x Abu Dhabi, UAEFriday 19 January 2018

Kizuna also handed advantageous starting gate as raiders descend on French showpiece.

Japanese horse Orfevre, right, trots on a training field, in Chantilly, west of Paris. AP Photo
Japanese horse Orfevre, right, trots on a training field, in Chantilly, west of Paris. AP Photo

Now there can be no excuses.

Orfevre may have been the victim of a poor draw 12 months ago when finishing second in the Prix de l’Arc de Triomphe, but Japan’s great hope will emerge from stall eight in Europe’s showpiece middle-distance event tomorrow.

Three years ago, Workforce denied Japanese runner Nakayama Festa by a head from stall eight and Orfevre will try to make up for that defeat, and his own, from the centre of the 19 runners, having been drawn out by Wimbledon champion Marion Bartoli in the post position ceremony in Paris yesterday.

Nakayama Festa came back in 2011, but finished a disappointing 11th to Danedream and Orfevre will have to defy the statistic that 60 horses have failed to win the Arc after having been beaten the previous year.

His berth allows jockey Christophe Soumillon every option. Japan’s Kizuna has a similarly advantageous position.

Kizuna was drawn outside Orfevre in stall 11, and although no horse has won from a double-figure gate since Dalakhani in 2003, connections of the Japanese Derby winner were delighted.

“We are very satisfied with the draw and can’t wait to see him run,” said Koji Maeda, Kizuna’s breeder.

Jockey Yutaka Take has come a long way since his wayward ride on White Muzzle in the 1994 Arc, when he waited too long with his mount.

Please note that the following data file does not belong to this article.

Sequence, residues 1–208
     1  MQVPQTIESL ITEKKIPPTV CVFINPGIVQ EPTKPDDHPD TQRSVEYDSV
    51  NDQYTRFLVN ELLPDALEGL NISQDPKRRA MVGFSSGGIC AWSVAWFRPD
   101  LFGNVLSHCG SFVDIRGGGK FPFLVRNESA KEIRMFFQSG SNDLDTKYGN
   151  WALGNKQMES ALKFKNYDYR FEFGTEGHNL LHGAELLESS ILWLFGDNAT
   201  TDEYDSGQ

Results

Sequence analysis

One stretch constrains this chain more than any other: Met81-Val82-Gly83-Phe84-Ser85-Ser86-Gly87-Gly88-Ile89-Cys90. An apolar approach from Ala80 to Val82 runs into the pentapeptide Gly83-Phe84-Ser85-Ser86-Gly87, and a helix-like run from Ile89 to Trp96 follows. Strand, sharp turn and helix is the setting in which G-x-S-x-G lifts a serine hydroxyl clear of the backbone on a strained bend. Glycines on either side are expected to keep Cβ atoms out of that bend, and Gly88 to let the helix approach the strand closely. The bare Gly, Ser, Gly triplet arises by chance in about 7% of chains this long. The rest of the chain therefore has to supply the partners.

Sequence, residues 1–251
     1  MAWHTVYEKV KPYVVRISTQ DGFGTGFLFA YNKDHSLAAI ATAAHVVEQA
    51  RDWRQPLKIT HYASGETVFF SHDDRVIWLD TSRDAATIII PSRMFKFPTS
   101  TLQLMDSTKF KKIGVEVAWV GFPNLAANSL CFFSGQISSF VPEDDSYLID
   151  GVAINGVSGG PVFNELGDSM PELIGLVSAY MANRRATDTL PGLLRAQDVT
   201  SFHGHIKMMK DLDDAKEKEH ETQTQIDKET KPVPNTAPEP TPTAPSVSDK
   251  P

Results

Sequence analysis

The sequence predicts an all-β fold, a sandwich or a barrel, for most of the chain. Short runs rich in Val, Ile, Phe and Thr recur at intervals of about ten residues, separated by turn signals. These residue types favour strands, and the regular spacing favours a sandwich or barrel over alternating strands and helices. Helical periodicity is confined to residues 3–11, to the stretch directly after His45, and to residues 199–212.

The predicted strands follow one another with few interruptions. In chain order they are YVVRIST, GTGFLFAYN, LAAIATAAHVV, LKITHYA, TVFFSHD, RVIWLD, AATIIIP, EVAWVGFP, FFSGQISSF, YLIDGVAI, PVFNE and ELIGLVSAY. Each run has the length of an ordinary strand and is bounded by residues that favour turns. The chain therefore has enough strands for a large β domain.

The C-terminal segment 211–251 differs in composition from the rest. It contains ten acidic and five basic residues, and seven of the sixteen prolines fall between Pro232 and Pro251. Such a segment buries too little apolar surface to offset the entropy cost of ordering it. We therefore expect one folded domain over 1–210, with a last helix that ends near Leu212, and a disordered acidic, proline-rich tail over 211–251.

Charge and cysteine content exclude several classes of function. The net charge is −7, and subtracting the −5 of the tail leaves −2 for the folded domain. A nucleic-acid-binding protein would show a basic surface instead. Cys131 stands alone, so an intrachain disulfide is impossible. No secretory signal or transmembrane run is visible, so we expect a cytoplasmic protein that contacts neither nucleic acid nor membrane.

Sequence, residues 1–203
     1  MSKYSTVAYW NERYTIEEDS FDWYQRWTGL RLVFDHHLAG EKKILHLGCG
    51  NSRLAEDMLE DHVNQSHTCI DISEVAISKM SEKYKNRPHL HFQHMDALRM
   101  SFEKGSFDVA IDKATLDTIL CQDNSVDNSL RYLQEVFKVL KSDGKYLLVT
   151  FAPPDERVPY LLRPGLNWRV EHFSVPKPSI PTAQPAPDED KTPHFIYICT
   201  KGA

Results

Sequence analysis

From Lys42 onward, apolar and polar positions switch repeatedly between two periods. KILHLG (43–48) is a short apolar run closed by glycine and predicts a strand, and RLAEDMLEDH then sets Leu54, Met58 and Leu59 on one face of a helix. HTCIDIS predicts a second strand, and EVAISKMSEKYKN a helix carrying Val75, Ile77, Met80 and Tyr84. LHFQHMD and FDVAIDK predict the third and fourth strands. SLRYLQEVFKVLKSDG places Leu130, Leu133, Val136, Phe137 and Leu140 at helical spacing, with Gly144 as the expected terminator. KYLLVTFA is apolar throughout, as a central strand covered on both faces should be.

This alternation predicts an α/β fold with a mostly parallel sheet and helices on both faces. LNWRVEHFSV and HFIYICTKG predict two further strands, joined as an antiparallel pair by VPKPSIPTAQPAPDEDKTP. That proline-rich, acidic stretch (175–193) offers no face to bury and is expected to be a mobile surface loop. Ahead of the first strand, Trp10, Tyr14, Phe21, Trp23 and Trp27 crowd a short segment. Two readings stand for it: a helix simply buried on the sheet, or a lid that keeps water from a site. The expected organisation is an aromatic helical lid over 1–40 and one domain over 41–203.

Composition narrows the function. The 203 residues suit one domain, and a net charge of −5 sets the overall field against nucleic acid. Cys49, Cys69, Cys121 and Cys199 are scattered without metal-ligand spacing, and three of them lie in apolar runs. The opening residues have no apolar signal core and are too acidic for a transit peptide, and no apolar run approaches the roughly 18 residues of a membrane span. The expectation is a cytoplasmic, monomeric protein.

He rode Kizuna to success in the Prix Niel at Longchamp on Arc trials day three weeks ago and is ready for any eventuality in a race that appears to lack a significant pacemaker.

“I’ve thought of all the different possibilities for how the race will pan out, but first and foremost, I want to ride in a way that will bring out his best,” Take said.

“I’ll do my best and aim to have no regrets.”

Novellist, the German challenger, was drawn one place further out than Kizuna in 12 and trainer Andreas Wohler was less enthusiastic about his charge’s place in the starting stalls.

Novellist added the Group 1 Grosser Preis Von Baden last month to his scintillating victory in the King George VI and Queen Elizabeth Stakes in July and remains one of the more likely winners under Johnny Murtagh.

“We would have liked to be further inside, but it could have been worse,” Wohler said. “I can’t see much pace in the race.”

The clash between Cirrus Des Aigles and Planteur in the Prix Dollar dominates today’s undercard at Longchamp.

The former Dubai World Cup night runners face 11 others in the extended nine-furlong contest, including Sheikh Hamdan bin Mohammed’s Maputo and Godolphin France’s Buckwheat.

Both horses have bigger and greater targets ahead of them, however.

Cirrus Des Aigles is in line for a crack at the Champion Stakes at Ascot later this month and Planteur is slated to travel to Santa Anita for the Breeders’ Cup Classic in November.

As such, neither can be considered as top of their game and Corine Barande-Barbe said that today’s Group 2 would act as part of her horse’s preparation for the ultimate mission of regaining the crown he won at Ascot in 2011.

“He is coming up to his peak,” Barande-Barbe said. “He improves in steps and we have always had the Champion Stakes in mind.”